We need a break from politics

We need time out from politics. It’s just too exhausting these days.

Somewhere between listening to supporters of Democrats Barack Obama and Hillary Rodham Clinton squabble over who is playing the race card and watching the humiliated Eliot Spitzer resign as New York governor, I realized I was in serious danger of not caring.

So I watched Treasury Secretary Henry Paulson tell Congress that big regulatory changes need to be made in overseeing mortgage lenders to avert more credit crises such as the one currently bringing on recession. Now he tells us, after foreclosures started mushrooming and house prices started plummeting.

And then I drove to the gas station, hearing on the car radio that the price of a barrel of oil was headed toward $111. With still almost a quarter of a tank of gas, I didn’t stop at the sign that said $3.52 and that ubiquitous nine-tenths of a cent, but headed back to work.

Chrysler, which once made cars the whole world wanted, announced it is taking two weeks off this summer. Shutting down the entire company to save money.

I called a friend at the Environmental Protection Agency, who confirmed that scientists there futilely had fought the White House and their own boss, whose proposed air standards are more unhealthful than the experts recommended.

Turning on the TV, I saw that there had been another disastrous bombing in Baghdad, killing civilians and U.S. soldiers. Twelve Americans died in three days in southern Iraq. I wondered how their parents feel about the happy talk over how well the surge is going. We’re at the five-year mark for the duration of the war, and we’re just shy of 4,000 for the number of Americans killed in Iraq. It’s no longer a trillion-dollar war, but potentially a 2-trillion-dollar war.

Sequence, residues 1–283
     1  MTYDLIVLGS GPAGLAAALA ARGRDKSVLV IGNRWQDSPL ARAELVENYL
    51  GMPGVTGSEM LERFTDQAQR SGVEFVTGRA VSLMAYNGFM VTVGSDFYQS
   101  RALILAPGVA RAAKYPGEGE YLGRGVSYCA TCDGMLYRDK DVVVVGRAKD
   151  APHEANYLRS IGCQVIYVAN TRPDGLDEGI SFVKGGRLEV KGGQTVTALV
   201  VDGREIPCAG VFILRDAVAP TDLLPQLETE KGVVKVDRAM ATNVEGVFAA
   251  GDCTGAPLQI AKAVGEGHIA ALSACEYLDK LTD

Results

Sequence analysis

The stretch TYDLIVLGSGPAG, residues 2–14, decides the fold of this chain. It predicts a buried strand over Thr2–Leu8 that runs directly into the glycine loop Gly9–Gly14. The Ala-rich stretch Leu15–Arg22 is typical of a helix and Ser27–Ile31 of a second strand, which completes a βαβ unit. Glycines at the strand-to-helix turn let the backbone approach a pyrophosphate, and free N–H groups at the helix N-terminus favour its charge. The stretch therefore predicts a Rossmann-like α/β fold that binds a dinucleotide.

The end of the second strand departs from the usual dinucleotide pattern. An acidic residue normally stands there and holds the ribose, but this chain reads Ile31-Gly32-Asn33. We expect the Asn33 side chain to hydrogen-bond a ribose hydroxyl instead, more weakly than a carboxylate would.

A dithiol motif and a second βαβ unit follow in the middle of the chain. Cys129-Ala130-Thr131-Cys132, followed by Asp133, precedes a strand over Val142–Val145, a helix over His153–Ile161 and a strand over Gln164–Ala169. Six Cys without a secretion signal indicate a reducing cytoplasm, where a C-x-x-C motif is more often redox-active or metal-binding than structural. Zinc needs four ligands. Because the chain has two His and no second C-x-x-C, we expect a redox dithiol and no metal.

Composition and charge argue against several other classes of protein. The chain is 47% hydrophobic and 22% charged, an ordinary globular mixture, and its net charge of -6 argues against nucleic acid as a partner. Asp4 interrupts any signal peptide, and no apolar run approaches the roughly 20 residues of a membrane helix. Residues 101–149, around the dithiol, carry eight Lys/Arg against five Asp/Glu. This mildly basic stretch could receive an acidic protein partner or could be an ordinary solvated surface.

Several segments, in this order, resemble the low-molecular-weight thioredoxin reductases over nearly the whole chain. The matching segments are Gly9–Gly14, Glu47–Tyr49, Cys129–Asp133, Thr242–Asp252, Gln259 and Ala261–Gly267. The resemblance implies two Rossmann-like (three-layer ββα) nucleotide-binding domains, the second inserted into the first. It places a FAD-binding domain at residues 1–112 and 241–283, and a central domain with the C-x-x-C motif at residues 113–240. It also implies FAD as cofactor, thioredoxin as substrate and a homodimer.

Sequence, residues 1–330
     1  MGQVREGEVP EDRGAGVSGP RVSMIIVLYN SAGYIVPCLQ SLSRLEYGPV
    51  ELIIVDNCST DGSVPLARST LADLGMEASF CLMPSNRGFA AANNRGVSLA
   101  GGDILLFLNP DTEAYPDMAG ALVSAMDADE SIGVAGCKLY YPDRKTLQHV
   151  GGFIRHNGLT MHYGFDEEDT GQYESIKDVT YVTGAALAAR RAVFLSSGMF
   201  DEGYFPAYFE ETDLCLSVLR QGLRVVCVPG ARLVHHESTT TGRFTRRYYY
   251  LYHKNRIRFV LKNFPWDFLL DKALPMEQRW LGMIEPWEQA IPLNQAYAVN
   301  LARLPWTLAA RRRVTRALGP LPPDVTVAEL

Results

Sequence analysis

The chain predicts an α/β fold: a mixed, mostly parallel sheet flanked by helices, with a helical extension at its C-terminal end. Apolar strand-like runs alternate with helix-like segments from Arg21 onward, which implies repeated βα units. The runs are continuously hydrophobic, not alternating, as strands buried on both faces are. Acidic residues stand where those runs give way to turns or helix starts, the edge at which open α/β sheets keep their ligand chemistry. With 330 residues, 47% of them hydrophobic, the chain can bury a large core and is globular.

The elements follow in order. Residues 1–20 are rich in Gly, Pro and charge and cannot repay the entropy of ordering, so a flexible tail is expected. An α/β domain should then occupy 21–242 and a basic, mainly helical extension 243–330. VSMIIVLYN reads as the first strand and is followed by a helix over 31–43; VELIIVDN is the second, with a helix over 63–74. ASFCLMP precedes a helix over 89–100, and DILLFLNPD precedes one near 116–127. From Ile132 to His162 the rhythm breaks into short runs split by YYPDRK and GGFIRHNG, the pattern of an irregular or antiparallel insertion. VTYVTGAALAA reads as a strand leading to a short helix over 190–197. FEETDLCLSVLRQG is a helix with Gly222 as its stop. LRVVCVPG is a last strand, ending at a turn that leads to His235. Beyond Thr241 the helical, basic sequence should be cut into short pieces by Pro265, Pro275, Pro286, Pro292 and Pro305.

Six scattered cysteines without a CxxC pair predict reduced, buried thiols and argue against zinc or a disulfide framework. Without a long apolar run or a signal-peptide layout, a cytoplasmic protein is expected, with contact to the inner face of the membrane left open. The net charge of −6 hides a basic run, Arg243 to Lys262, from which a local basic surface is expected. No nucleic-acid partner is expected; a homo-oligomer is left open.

Another one of President Bush’s top military leaders was forced out for disagreeing about how the war in Iraq is going and, more importantly, expressing negative thoughts about the wisdom of talking about fighting Iran.

I picked up The Wall Street Journal, which has a new poll saying that more Americans believe they are doing worse economically. The figures show the highest levels of dissatisfaction since 1992, when President George H.W. Bush lost his bid for re-election.

We’re told that 47 million Americans without health insurance live in terror of getting sick or being injured. Many more are worried they might lose theirs. Even under tightened rules, bankruptcies are soaring, in large part because of medical bills.

A new study by the federal government finds 1 out of 4 girls between ages 14 and 19 in a nationally representative sample of 838 girls had a sexually transmitted disease. Nobody but parents seems shocked.

And there’s continuing fallout from the nation’s largest meat recall, undertaken because sick cattle apparently were slaughtered in violation of federal rules.

But I digress. We’ve got to figure out what to do about the Democratic delegates in Michigan and Florida who aren’t being counted because their state-party leaders violated the national party’s rules on when to hold their primaries.

We should continue trying to psychoanalyze Spitzer to probe what on earth possessed the Democratic governor, who as New York’s attorney general prosecuted prostitution rings, to use the services of high-priced call girls. Why did he further humiliate his wife by dragging her into the spotlight to share his shame?

We must speculate about who should run with Republican John McCain and ponder whether conservative talk-show hosts will vote for him.

We must resign ourselves to a long spring and summer of increasingly nasty bickering between Obama and Clinton.

We’ll learn to care again.

(Scripps Howard columnist Ann McFeatters has covered the White House and national politics since 1986. E-mail amcfeatters(at)nationalpress.com.)